Understanding Insomnia

You sigh and turn to your other side…you look at the clock again and see that an hour has passed. “Will I ever sleep,” you think for the hundredth time that night. If this were just a “one time” issue it might be okay, but if you are enduring this pattern repeatedly and are starting to actually dread your regular bed time it is likely that you are living with insomnia.

Before you get even more upset about the problems you have with sleep, take heart that around 40% of all adults experience some difficulties with sleeping. This has led to a tremendous amount of research to uncover the causes, and what has been learned is that most cases of insomnia are not “independent” but are instead a matter of a primary condition.

For example, the following list of causes tends to lead to days or prolonged periods of disrupted sleep:

  • Depression – one of the worst parts of depression is that it creates an immense sense of fatigue, but you may be unable to sleep at all.
  • Stress or Anxiety – though these two issues are different, they can both lead to seriously disrupted sleep patterns. Issues like work, relationships, finances, and general emotional or physical trauma can cause problems.
  • Caffeine, alcohol, and nicotine use – each of these materials is a stimulant. When you rely on them to create wakefulness they can establish patterns in the body that interfere with sleep.
  • Medical problems – though this is not truly insomnia because it might be caused by pain or discomfort, sleep disorders relating to medical problems can be due to diabetes, arthritis, apnea and more.
  • Medications – many OTC medications can lead to disrupted sleep. For instance, decongestants and weight loss products may interrupt sleep. Also, the side effects from many prescription medications include disrupted sleep.
  • Dietary choices – if you eat too late at night or eat foods that cause digestive disruption it will usually cause you to find it challenging to get to sleep at a normal time.
  • Change in routines – did you move to a new home? Change jobs? Alter your routine? Even the prospect of great changes can cause sleeplessness.
  • Sleeping disorders – there are also sleep disorders like sleep apnea, restless legs, and snoring that will cause you to find it very difficult to get to sleep.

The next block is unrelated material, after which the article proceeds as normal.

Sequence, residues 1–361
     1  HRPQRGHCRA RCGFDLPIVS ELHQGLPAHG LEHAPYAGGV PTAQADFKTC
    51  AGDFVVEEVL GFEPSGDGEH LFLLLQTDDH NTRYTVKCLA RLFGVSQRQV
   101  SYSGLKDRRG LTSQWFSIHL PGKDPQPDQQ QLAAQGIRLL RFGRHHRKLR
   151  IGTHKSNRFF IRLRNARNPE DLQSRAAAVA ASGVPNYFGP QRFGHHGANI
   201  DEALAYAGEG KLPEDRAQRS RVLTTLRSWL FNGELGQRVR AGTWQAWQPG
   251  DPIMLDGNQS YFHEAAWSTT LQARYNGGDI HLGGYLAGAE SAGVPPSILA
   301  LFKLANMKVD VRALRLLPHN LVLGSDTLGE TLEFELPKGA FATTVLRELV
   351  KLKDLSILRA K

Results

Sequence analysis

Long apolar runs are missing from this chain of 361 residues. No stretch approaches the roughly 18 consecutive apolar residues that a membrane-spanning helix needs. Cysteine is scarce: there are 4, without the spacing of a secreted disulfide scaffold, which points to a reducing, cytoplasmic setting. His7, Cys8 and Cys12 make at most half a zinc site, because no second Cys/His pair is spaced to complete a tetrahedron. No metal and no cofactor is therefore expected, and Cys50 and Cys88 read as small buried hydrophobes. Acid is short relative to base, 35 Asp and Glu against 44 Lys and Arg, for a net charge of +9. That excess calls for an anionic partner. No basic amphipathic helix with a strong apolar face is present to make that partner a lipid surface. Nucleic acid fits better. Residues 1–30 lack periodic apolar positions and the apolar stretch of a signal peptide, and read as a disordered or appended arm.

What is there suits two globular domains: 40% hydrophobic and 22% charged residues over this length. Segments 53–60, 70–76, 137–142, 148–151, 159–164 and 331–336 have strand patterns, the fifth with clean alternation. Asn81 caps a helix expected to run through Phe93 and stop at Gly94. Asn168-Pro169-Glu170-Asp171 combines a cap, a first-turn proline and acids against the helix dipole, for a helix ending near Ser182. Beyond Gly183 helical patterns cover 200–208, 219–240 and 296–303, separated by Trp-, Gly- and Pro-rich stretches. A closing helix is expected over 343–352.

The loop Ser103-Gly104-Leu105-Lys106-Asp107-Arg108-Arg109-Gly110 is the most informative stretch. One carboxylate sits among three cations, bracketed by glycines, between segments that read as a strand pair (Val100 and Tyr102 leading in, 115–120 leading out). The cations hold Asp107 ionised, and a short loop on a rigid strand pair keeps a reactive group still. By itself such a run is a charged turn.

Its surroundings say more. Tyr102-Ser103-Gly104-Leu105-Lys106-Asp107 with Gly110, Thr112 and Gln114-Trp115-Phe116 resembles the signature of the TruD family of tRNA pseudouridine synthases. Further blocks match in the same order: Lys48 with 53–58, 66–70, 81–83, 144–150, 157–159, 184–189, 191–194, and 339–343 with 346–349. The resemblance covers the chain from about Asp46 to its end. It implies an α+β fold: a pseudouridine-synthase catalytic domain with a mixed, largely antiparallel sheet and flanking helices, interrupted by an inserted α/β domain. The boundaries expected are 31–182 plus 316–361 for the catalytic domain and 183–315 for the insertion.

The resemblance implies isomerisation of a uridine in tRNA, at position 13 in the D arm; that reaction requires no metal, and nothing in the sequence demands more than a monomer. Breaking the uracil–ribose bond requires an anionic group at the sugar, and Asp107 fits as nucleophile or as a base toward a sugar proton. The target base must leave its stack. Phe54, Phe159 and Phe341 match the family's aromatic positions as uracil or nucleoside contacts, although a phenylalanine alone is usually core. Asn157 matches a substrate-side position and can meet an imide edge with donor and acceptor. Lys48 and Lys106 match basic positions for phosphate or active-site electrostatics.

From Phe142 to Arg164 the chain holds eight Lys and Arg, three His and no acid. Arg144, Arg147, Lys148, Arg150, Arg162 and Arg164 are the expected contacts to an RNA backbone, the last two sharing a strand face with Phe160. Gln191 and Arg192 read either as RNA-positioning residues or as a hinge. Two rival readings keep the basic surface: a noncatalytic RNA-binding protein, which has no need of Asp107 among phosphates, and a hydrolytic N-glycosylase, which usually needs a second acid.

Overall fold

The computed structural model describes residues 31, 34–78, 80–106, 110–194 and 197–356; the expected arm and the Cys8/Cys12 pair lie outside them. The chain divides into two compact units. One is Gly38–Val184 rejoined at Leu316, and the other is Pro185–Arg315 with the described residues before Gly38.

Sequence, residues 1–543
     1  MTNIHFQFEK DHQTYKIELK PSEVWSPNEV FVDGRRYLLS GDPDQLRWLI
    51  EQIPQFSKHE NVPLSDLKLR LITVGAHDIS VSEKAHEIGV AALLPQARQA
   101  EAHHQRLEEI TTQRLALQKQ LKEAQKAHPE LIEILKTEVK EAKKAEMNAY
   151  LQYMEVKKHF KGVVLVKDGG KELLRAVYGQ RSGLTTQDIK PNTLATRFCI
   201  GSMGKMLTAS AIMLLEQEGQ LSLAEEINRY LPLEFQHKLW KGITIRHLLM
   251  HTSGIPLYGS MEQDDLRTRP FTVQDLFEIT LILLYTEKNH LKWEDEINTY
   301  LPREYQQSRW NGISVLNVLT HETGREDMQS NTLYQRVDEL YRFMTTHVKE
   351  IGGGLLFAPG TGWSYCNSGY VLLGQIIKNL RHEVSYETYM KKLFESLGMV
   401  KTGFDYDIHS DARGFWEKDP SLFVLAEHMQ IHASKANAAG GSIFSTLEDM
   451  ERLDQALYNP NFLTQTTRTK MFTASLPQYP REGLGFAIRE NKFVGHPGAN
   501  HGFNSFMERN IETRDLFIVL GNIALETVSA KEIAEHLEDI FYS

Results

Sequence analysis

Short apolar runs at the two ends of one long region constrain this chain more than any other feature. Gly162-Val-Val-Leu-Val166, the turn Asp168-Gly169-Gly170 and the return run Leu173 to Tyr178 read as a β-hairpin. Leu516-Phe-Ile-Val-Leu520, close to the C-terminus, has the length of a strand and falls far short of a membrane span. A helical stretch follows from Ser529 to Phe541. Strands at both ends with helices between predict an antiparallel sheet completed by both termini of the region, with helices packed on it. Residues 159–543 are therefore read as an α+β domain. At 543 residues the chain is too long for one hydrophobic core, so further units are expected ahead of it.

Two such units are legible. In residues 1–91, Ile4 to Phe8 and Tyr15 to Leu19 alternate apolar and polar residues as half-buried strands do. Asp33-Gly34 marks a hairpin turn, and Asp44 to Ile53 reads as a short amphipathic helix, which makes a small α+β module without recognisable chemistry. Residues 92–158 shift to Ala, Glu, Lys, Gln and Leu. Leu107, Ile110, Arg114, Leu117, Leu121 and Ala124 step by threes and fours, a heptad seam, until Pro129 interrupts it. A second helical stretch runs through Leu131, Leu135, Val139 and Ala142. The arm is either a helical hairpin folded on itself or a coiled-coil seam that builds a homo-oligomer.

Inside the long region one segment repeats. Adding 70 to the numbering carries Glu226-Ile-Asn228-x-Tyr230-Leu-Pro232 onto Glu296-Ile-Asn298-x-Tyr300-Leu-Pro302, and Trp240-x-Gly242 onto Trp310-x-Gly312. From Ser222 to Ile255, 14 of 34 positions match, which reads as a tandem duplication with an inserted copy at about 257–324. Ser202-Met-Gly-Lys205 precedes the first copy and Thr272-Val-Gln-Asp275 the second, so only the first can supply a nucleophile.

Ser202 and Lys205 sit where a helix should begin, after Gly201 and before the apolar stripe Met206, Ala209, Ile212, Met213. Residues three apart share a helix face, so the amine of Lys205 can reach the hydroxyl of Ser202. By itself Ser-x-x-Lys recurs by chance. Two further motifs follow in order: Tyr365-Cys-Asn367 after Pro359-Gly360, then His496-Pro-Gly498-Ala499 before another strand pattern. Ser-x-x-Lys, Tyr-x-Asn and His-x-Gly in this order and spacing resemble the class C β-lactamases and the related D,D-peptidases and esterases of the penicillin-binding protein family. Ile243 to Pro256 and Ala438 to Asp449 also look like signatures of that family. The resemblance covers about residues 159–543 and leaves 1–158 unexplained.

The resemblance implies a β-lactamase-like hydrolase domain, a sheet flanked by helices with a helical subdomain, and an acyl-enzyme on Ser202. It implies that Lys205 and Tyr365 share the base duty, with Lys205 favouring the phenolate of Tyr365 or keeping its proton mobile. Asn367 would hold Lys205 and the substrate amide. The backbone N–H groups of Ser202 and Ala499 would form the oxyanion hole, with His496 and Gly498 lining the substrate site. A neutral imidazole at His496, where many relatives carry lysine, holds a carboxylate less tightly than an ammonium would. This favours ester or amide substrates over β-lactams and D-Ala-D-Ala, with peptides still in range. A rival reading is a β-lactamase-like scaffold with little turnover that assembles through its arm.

As you can see, there are many reasons that you might encounter long or short periods of insomnia. As they say, however, “knowledge is power” and this means that knowing why you are experiencing this issue is going to help you to overcome it.

Finding a Remedy
So, how on earth is insomnia treated if it can be caused by so many things, and can even be brought on by multiple issues at once? The first step is to use the list of causes above to determine if any of them are a factor in your life.

If so, you can then begin making any possible changes. For instance, it is easy enough to alter your diet, eliminate substances that are impairing sleep, and use relaxation techniques to overcome anxiety. If you know that your issues are medically related it could be necessary to consult with a physician. They can often help you with everything from behavior modification to medications designed to facilitate a return to normal sleep.

You may not want to rush right into a medication regimen if it is a matter of altering a pattern in your life or getting some beneficial therapies. Your doctor is your best resource for finding a good solution.

Valerie Johnston is a health and fitness writer located in East Texas. With ambitions of one day running a marathon, writing for Healthline.com ensures she keeps up-to-date on all of the latest health and fitness news.